Defining 5G: The who and the how

Nicole Blanchard

Flexibility, reliability and ubiquity: When 5G comes into the conversation, these terms are likely to follow. They're part of the mess of ideas industry players are putting forward for the 5G network of the future. But how are these abstract ideas actually materializing as it comes to crunch time in 5G standardization -- and who will bring them together?

As the wireless industry begins on its timeline to 5G completion, the "who" has swelled to a mass of different -- and often confusing -- governing bodies. Already, organizations like the 3GPP and ITU, which have been integral in the development of past standards, have started developing timelines and research schedules to ensure the industry can take on this massive undertaking. A whole host of other groups also have begun workshopping and convening to streamline common goals beyond vague terms like "flexibility," and it seems like every day yet another university, carrier or other industry group announces that it's joining the fray.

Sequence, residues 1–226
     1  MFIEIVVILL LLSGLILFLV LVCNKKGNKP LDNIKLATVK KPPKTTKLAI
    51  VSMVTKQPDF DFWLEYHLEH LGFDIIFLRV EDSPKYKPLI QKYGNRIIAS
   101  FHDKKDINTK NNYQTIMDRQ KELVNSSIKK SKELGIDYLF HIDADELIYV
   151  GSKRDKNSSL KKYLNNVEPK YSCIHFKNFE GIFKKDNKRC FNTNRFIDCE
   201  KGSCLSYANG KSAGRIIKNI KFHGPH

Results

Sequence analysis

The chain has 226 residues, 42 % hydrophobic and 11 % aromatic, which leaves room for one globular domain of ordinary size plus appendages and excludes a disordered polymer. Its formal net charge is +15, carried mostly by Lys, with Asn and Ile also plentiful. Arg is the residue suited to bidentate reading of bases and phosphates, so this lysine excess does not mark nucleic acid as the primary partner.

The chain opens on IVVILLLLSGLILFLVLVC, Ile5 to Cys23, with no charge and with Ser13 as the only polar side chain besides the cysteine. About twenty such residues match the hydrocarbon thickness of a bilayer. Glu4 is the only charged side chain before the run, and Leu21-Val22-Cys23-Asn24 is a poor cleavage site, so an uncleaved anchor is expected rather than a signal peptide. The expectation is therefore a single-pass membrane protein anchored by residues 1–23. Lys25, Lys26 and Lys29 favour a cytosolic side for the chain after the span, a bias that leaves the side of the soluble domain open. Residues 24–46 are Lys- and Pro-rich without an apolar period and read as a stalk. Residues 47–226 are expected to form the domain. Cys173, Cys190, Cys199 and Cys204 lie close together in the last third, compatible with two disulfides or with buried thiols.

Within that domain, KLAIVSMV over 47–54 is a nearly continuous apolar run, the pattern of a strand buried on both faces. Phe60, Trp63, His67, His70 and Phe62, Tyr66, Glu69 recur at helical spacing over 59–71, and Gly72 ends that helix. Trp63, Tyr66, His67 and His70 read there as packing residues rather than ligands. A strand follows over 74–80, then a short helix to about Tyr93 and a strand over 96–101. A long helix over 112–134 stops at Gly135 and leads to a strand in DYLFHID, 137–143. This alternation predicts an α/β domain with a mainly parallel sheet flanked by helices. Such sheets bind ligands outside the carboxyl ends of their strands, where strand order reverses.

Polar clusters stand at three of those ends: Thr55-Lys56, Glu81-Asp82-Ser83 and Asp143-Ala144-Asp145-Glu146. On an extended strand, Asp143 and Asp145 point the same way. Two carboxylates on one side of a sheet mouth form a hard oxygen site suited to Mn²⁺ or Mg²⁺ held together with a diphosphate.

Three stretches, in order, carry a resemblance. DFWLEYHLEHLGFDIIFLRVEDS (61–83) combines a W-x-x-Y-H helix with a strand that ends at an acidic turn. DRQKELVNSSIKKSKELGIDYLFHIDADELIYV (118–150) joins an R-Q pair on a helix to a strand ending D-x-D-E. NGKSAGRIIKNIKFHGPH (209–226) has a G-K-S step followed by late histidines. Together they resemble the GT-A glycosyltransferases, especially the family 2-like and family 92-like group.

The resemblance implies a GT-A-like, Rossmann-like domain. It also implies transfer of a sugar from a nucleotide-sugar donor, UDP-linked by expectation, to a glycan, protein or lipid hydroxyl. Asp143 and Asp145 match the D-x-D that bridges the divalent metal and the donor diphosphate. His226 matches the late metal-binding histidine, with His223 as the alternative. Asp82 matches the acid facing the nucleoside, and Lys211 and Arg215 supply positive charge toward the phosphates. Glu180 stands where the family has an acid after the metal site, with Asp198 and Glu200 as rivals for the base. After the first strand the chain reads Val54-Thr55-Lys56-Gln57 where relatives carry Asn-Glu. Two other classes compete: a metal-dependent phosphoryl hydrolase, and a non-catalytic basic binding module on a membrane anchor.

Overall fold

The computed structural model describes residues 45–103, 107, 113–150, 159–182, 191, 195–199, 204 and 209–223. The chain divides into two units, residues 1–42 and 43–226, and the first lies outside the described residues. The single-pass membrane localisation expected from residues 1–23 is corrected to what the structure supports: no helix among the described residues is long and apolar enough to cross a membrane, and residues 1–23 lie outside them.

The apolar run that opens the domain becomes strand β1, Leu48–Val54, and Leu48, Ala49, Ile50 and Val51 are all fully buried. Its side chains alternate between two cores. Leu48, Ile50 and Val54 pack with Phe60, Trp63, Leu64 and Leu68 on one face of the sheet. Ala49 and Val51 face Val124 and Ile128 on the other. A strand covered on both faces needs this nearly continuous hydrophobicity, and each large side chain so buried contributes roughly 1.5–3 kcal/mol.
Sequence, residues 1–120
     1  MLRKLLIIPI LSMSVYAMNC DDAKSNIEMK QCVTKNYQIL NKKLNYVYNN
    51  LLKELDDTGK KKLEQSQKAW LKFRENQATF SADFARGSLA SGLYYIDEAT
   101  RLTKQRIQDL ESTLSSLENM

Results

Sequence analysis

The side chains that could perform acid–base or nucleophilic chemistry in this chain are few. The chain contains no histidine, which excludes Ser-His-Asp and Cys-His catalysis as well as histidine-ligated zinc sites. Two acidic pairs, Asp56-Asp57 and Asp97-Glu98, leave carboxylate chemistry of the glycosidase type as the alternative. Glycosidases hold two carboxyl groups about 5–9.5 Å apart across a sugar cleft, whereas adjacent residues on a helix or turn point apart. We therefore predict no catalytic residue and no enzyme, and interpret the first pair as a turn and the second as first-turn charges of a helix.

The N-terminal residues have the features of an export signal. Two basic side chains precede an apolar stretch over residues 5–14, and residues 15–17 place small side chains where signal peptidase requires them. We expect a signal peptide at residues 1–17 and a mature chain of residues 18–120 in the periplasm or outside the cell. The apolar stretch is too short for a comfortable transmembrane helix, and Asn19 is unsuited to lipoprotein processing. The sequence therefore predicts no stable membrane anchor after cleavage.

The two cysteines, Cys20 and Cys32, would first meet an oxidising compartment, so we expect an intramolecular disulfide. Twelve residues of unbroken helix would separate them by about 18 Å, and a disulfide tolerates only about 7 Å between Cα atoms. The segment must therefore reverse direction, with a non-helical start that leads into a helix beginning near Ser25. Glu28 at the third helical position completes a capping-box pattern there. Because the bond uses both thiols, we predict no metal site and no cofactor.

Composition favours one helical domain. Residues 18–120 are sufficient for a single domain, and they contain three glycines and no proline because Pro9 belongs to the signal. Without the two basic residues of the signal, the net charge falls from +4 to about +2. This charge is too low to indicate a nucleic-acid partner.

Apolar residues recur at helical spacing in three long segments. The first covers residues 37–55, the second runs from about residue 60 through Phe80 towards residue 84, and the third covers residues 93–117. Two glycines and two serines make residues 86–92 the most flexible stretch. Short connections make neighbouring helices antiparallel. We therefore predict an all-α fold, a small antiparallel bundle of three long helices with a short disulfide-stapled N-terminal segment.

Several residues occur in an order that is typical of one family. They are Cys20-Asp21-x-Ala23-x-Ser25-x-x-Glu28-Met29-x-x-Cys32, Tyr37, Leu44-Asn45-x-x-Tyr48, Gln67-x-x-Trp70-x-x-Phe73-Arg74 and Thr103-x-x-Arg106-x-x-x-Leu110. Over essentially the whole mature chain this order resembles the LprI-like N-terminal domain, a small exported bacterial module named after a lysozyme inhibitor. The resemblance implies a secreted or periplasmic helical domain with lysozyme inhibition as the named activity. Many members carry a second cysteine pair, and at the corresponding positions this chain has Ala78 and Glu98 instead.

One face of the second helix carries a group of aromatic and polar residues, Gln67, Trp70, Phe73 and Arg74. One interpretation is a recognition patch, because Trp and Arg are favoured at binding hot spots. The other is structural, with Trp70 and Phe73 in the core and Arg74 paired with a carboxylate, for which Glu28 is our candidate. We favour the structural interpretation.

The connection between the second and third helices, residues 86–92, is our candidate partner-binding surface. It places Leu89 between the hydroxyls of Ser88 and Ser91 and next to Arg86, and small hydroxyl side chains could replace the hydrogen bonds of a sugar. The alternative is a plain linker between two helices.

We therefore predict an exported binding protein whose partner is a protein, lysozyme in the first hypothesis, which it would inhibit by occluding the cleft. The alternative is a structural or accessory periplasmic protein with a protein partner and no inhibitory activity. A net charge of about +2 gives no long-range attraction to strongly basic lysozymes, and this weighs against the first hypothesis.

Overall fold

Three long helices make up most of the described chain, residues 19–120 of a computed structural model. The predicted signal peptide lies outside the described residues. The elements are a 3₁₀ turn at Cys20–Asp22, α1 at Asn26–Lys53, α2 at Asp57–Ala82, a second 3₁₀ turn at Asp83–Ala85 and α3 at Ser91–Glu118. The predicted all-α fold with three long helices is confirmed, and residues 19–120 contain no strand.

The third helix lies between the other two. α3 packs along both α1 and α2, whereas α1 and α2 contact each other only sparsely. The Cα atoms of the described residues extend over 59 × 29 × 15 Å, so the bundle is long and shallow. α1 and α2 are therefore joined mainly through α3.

So, with tens of groups and hundreds of members trying to comprehensively define the standard and all its minutiae, who will "win" and who will "lose" in 5G? According to analysts, the losers will be those who don't try to participate, and fingers are currently pointed toward the U.S., whose absence in the 5G standards process is a bit conspicuous once everything is laid out.

In light of the massive overload of 5G standardization information, I aggregated the lion's share of 5G partnerships, alliances and the like to get an idea of what the future holds for the technology, as well as a layout of involved parties across the globe. The results are short, sweet and to-the-point, and you can find them here. --Nicole

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